After students have developed a product and corresponding marketing plan, they will employ previously acquired grammar and vocabulary such as that related to personal interests and experiences to the hiring process in order to launch the business associated with said product. Students will read authentic job postings and may work with Como conseguir trabajo en los Estados Unidos. They will then design job postings for their companies after assessing what their group needs. Students will investigate where the best place to advertise their job would be. Students will post their job openings in the classroom and then develop two resumes and cover letters, one for the United States and the other for Spanish speaking countries. They will apply for each others jobs, and develop questions for the interviews they give each other. Students will fill out a rubric to justify why they hired the people they did. They will also write two short final reflections of being interviewed and interviewing. They will strengthen their abilities to use more recently acquired grammatical structures. Structures such as the perfect tenses may be employed to discuss accomplishments while the conditional tenses may be utilized to detail career goals. These skills will improve as students research and engage in the hiring process from both the perspective of the employer and the employee. This research will include a study of cultural variations and acceptable etiquette when applying for work where the target market population is predominantly Spanish speaking.

A. Using Spanish as the means of communication, team members will discuss the job functions for which they will need to write job descriptions. At the end of the discussions, each team member will write a 150 word memo to the instructor detailing what positions are needed and how the team reached those conclusions. Websites such as Trabajos may also be used to reinforce the acquisition of business-related vocabulary and familiarity with authentic job postings in Spanish. Students will show completed graphic organizers and classroom notes to the instructor as requested.

B. Having identified these job openings, students will divide up the task of writing job descriptions (50 words each) for each position as listed in C11.5 of the MSS Standards. Students will use standard business Spanish. Copies of these descriptions will be submitted to the instructor as well as posted on an in class jobs board and / or class website for later reference and selection. All communications and written materials will be in Spanish.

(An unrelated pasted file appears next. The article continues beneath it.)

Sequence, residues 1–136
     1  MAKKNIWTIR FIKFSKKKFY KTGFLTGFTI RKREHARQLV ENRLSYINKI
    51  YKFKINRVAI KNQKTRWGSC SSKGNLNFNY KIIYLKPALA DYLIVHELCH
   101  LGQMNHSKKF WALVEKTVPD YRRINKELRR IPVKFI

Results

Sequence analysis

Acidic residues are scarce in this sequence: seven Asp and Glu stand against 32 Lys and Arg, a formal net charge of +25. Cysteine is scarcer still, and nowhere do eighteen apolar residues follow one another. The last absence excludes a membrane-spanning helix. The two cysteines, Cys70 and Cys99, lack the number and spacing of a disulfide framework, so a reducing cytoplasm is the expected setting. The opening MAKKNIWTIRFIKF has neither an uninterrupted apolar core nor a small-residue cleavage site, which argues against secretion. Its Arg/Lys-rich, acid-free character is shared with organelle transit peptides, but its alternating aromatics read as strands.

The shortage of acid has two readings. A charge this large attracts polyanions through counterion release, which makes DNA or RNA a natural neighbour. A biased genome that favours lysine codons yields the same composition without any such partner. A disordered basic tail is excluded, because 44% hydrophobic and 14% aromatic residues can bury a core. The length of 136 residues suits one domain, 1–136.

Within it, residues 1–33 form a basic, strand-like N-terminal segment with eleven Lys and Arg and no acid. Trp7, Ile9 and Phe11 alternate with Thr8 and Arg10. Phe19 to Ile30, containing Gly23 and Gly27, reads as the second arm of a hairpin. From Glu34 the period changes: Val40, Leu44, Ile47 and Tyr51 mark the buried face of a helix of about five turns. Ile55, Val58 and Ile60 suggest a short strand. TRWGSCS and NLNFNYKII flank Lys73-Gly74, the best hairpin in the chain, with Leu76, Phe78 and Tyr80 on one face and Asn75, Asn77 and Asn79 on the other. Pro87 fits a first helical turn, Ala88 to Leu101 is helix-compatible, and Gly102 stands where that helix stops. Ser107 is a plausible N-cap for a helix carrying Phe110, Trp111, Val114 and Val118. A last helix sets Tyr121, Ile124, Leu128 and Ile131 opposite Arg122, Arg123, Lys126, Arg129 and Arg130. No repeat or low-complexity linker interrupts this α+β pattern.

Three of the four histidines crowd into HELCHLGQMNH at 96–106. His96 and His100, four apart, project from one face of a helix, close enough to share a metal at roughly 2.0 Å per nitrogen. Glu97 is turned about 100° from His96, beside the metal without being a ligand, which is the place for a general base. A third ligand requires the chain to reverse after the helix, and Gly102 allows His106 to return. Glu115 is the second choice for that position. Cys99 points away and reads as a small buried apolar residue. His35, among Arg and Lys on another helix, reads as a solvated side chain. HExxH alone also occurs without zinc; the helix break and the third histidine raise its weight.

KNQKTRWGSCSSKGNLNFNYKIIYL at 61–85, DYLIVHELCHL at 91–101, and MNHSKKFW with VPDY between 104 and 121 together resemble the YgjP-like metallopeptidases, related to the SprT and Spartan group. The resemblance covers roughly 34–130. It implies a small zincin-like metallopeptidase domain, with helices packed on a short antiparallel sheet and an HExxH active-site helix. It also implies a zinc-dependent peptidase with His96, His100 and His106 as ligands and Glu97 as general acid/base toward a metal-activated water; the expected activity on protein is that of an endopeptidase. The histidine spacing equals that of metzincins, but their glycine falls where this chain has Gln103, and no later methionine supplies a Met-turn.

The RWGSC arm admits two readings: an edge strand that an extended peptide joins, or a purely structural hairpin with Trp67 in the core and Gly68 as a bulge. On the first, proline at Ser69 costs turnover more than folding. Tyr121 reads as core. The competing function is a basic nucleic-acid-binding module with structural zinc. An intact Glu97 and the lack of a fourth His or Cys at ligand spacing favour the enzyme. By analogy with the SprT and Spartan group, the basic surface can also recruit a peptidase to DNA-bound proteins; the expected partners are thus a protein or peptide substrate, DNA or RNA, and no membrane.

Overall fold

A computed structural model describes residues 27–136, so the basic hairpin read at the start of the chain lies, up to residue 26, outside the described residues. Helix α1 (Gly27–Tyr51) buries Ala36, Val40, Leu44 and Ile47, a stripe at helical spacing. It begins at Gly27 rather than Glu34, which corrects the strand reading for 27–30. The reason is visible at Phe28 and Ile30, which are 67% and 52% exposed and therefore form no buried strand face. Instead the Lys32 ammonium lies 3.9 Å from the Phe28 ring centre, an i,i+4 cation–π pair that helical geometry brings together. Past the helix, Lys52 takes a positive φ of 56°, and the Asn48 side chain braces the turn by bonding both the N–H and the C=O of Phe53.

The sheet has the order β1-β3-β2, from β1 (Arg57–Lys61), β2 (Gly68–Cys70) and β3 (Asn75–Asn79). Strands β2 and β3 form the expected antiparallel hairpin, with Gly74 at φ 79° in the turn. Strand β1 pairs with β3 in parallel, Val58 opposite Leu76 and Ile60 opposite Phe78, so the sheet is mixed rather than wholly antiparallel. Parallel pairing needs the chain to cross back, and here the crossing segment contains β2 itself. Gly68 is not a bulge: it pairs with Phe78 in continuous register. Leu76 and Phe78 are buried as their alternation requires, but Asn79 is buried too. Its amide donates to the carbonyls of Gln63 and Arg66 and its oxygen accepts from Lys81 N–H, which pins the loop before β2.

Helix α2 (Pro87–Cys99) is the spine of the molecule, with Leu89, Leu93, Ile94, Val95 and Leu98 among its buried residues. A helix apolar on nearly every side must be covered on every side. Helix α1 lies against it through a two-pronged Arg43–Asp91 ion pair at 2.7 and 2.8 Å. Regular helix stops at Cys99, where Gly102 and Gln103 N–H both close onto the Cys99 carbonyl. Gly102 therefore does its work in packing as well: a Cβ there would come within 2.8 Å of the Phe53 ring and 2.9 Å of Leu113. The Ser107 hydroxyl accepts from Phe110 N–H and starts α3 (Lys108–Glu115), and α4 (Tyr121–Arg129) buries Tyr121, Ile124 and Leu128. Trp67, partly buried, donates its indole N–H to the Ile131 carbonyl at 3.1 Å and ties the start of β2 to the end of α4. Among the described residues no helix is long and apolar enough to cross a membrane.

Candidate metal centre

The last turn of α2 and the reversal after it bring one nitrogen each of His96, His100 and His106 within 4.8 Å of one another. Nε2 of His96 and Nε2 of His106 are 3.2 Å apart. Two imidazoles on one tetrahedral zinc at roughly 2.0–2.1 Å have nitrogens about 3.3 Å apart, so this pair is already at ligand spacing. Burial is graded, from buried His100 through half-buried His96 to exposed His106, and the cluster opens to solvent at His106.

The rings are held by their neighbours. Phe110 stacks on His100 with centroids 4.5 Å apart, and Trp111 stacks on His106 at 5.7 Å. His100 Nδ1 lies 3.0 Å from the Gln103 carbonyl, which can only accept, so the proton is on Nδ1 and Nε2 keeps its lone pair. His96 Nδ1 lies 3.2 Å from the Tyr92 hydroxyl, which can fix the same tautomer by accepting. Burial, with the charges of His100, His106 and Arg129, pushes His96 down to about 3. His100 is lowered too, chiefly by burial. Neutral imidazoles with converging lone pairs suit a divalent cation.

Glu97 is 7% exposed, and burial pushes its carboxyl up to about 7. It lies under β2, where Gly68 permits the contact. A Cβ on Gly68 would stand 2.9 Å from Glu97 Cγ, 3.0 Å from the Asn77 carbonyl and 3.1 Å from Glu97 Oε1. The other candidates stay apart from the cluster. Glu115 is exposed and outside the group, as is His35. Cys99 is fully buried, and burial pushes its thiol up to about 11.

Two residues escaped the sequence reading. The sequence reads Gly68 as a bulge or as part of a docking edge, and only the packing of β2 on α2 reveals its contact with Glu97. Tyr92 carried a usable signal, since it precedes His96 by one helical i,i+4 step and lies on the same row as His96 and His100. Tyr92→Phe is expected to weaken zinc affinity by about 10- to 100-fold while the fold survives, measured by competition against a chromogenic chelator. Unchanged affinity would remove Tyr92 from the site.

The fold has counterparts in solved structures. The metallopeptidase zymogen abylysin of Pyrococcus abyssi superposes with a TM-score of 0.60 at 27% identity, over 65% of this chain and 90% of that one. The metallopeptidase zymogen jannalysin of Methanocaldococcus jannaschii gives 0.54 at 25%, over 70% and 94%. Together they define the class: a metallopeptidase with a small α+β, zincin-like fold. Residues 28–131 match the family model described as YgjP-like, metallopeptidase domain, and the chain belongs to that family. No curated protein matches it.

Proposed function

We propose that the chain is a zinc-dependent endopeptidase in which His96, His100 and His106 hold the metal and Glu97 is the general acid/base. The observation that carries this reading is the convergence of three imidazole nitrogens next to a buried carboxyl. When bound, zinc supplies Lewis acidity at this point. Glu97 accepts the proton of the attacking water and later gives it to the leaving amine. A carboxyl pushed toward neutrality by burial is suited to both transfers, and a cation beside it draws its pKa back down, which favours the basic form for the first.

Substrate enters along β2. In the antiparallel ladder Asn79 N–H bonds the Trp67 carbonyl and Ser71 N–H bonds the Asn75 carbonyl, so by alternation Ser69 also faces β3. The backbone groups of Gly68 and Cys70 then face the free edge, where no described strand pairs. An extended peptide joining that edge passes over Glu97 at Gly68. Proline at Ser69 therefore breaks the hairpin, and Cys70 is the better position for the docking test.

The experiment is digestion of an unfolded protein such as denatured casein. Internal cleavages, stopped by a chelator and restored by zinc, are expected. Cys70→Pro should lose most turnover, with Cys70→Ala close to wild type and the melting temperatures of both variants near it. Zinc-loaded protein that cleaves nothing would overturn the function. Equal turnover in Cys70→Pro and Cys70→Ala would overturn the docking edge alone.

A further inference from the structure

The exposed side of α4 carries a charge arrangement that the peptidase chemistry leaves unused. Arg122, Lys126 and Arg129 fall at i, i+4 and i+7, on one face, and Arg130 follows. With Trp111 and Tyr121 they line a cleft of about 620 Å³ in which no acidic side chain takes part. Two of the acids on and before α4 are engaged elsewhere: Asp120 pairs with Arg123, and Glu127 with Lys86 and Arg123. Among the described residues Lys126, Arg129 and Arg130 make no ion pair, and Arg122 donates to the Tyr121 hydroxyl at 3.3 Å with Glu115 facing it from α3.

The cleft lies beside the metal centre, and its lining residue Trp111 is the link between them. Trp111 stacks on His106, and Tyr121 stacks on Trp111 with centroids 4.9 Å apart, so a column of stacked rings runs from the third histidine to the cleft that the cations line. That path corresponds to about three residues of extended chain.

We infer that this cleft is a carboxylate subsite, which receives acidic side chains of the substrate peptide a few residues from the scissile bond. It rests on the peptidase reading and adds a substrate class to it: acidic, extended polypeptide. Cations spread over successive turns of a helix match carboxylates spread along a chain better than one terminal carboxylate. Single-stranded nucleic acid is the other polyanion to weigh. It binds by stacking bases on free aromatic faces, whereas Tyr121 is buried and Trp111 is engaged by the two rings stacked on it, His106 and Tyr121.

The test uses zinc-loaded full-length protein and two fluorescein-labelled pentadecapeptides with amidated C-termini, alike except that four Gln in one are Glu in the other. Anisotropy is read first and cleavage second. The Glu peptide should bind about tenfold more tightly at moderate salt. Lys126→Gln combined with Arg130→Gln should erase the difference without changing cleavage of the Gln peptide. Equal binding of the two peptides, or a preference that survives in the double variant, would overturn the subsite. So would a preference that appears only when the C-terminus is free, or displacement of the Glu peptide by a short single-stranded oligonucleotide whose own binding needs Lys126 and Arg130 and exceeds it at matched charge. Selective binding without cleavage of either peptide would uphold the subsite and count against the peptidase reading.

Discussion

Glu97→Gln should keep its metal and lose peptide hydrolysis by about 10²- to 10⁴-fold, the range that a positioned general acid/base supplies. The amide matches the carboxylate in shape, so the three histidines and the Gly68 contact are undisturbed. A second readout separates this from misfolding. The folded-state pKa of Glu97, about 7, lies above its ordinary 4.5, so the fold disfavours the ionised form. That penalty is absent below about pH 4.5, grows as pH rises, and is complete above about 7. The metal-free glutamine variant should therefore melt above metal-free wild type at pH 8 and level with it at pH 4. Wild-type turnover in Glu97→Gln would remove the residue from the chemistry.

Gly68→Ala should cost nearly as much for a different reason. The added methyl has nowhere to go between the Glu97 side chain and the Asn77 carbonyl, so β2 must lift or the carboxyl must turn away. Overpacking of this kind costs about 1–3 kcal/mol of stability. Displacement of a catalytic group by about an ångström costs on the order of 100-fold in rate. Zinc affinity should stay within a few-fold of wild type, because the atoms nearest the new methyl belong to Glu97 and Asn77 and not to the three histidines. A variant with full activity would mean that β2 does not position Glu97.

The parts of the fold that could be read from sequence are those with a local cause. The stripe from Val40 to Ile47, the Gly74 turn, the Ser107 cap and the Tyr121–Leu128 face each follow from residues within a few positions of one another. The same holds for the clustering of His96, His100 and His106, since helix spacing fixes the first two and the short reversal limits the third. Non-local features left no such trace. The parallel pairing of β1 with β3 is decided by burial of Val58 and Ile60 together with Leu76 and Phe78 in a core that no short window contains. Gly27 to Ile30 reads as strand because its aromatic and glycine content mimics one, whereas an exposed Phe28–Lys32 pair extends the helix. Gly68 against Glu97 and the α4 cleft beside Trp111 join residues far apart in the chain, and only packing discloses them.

C. Students will research how to publish these ads via traditional TV, radio and print media as well as on various websites. This research will include submission formats and deadlines, market coverage and cost effectiveness. Based on this research, students will prioritize the methods they would use to advertise the jobs, and modify the ads based on publication parameters. All communications and written materials will be in Spanish. Each student will submit an individually developed memo of 100 words to the instructor that provides a copy of the prioritized list as well as justification for these decisions.

D. Using the research from the first assignment, students will develop a written list of  10 questions in Spanish for each job opening. These questions will form the basis for the oral interview of each candidate, as listed in C11.1 of the MSS Standards. Students will submit this list of questions to the instructor before using it in an interview setting.

E. Students will fill out a standardized job application (that has been translated into Spanish) for at least one job opening from the jobs board. They will also fill out a Spanish language application for a similar position in a Spanish-speaking country to allow students to compare and contrast the various cultural and legal norms that are inherent in job applications. Atando Cabos can be consulted. These applications will submitted to the appropriate hiring panels as well as to the instructor.

F. Students will develop basic résumés and cover letters. One résumé and cover letter responding to one of the class job postings will be written in Spanish and will be appropriate for an American business environment. A second résumé and cover letter appropriate for an Hispanic or Spanish business environment will also be created. The creation of dual résumés and cover letters will allow students to compare and contrast the various cultural and legal norms that are inherent in the preparation of job application documents. Atando Cabos can be consulted. These resumés and cover letters will be submitted to the hiring panel and to the instructor.  Resumés should be a page long. Cover letters should be at least 100 words long.